Here's a romantic scene: Two wine connoisseurs in love pack a basket with cheese and crackers, roll down the roof on a rented convertible and spend the day zigzagging the scenic, hilly roads between Texas' newest wineries.
But by the second or third stop, the young couple begins to grow crabby. Their picnic's overheated, the wind's made a mess of their hair and -- worst of all -- the wine's lousy. Really lousy. Soon, the man's grumbling about the wisdom of growing grapes in Texas, and the woman's vowing to steer clear of the Texas shelf at her local wine shop.
For Dallas winemaker Dan Gatlin of Inwood Estates, that's the nightmare scenario that bound to result from so many Texas "wineries" furtively repackaging California juice. He believes the common practice of buying bad California wine and selling it with a Texas label threatens to sink the state's promising wine industry. (Some Texas wineries also import grapes and grape juice, which they ferment into their own wines.)
"They're telling people all these deceptive things," Gatlin says of the wineries reliant on expatriated grapes. "They'll say 'it's made here.' That could mean you just put a label on it in a backroom. It's very deceptive, and it hurts guys like me. The industry is going to become a joke."
According to Gatlin, there are now 220 wineries in Texas, up from 60 in 2006. But, he adds, "There's barely one more vine. There aren't any more grapes. People are going into business with the intention of calling California for a $2 wine and selling it for $25."
There's nothing legally wrong with putting California wine in Texas bottles. So long as the word "Texas" doesn't appear on a bottle's front label as the wine's place of origin, a winemaker may use any grapes he or she chooses. What troubles Gatlin is that vineyards often use their own grapes in just one wine, but stick the same label -- minus the "Texas" tag -- on all their products, potentially confusing customers.
In an essay published in Texas Highways earlier this year, Gatlin proposed requiring wineries to use "second-labels" that would be immediately distinguishable from the label assigned to their Texas-grown wines. Gatlin describes second-labels as standard industry protocol.
"There is no shame in second-labels, and there is also no risk of a public backlash," writes Gatlin, who helped Caymus develop its successful Liberty School second-label.
Second-label wines can be very good, Gatlin says. Smart winemakers "can make a hell of a wine" from grapes that didn't meet first-label varietal or appellation standards. Critics laud the best second-labels as interesting and affordable.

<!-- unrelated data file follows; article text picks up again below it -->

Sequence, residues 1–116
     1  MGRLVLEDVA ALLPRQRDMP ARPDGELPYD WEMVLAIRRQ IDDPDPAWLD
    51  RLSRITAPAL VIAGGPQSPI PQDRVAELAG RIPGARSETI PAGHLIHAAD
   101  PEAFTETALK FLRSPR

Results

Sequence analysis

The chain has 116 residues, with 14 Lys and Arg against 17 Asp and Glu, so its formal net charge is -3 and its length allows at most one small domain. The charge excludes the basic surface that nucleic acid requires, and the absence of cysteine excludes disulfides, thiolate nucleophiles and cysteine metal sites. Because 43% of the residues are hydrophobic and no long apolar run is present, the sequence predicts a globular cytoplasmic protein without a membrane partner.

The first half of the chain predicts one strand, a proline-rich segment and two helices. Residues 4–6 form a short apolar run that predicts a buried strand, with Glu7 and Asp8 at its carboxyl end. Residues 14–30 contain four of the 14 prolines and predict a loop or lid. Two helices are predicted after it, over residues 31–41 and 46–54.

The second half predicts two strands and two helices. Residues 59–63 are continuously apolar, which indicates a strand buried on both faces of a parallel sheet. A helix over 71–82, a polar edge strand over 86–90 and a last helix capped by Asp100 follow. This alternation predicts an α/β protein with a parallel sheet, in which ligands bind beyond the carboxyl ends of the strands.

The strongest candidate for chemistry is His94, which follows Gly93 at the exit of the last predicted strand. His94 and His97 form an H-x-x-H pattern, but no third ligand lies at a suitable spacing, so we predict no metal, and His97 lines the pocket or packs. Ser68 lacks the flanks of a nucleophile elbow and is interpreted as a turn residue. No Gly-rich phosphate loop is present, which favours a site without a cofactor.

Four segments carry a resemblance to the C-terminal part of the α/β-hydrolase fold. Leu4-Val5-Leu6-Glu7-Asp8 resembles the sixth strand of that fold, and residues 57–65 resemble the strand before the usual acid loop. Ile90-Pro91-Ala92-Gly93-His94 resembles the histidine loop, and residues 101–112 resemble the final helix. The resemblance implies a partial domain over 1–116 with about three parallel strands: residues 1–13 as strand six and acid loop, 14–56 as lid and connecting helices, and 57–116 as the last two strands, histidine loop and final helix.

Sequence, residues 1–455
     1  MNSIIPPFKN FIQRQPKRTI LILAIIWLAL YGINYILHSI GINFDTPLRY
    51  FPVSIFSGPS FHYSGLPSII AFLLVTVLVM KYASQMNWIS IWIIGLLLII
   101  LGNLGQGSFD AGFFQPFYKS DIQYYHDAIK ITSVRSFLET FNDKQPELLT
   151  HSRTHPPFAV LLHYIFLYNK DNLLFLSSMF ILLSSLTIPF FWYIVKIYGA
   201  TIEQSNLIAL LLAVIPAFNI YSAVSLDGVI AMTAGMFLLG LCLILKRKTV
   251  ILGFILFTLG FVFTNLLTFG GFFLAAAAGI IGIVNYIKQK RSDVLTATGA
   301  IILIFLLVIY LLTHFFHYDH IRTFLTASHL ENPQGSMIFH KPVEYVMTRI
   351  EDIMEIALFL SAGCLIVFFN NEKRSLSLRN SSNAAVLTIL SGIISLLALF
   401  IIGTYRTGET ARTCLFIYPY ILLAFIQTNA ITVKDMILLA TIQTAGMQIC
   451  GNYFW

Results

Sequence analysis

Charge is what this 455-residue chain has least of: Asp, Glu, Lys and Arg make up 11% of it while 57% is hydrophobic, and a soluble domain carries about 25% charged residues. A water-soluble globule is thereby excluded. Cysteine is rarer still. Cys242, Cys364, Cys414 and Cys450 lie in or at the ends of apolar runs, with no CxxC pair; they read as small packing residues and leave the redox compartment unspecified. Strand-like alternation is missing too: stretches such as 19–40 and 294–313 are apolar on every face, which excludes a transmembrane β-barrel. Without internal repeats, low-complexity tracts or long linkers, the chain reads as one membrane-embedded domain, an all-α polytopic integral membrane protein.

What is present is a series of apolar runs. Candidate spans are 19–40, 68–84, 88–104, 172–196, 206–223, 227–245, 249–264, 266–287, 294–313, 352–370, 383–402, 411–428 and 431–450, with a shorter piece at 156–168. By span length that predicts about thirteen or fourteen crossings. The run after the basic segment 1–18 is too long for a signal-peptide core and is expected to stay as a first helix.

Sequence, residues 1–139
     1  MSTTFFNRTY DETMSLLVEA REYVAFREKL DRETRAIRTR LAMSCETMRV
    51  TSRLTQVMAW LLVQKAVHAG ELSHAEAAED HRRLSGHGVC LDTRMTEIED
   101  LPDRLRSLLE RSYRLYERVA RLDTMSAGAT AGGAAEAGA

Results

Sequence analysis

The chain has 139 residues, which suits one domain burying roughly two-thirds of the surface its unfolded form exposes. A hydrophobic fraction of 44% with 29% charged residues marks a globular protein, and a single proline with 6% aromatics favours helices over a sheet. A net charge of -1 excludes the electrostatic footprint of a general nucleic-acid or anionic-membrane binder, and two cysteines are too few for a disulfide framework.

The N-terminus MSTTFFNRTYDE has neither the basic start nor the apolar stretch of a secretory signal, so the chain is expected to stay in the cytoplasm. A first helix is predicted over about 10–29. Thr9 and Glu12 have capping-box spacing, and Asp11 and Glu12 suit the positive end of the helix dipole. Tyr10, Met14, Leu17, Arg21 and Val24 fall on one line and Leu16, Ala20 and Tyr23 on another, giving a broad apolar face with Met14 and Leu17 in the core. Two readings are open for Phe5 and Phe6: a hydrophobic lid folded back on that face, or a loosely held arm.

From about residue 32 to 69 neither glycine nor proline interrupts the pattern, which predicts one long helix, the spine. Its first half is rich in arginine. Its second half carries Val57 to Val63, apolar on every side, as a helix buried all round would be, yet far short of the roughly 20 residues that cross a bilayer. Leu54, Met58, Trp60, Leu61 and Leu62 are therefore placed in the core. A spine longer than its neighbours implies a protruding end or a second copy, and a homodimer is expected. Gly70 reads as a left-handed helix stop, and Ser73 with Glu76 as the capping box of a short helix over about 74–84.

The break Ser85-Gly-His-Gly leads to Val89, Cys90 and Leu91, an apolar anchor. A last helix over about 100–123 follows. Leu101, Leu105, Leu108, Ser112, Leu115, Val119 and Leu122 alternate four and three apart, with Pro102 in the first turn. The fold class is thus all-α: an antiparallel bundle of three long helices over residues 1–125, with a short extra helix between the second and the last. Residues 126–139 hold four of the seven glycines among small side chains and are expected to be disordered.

But Gatlin's solution doesn't apply when there is no first label.
"My honest response is 'get off your fat butt and go grow some grapes'," Gatlin says when asked how he might handle wineries whose entire product line originated in California. "I know those guys look at me and say I'm stupid, there's an easier way. But if you're really thinking about building a wine region, you're not ever going to accomplish it without grapes."
The problem's not confined to Texas. Wine makers from Colorado to Georgia are increasingly abandoning their own vines -- or even bothering to plant them -- and buying up California's surplus, giving free-spending wine tourists something to guzzle.
"California is sitting on an ocean of crappy wine," Gatlin explains.
According to Gatlin, regulation authority would lie with the federal government, which briefly considered offering tiered licenses. Rather than license all wine bottlers as wineries, the new system would distinguish between growers and sellers, much as the law currently recognizes the difference between microbreweries and brewpubs. But the concept didn't go anywhere, and Gatlin isn't sure he's sorry.
"We're heavily regulated as it is," Gatlin says. "I hate to load us down with more paperwork."
Gatlin would prefer to strengthen the Texas wine industry through consumer education. He's hoping the imminent reprinting of his essay -- which he feels was bowdlerized by Texas Highways -- will help.
"If consumers are educated and understand what they're buying, you wouldn't need regulations," he says.
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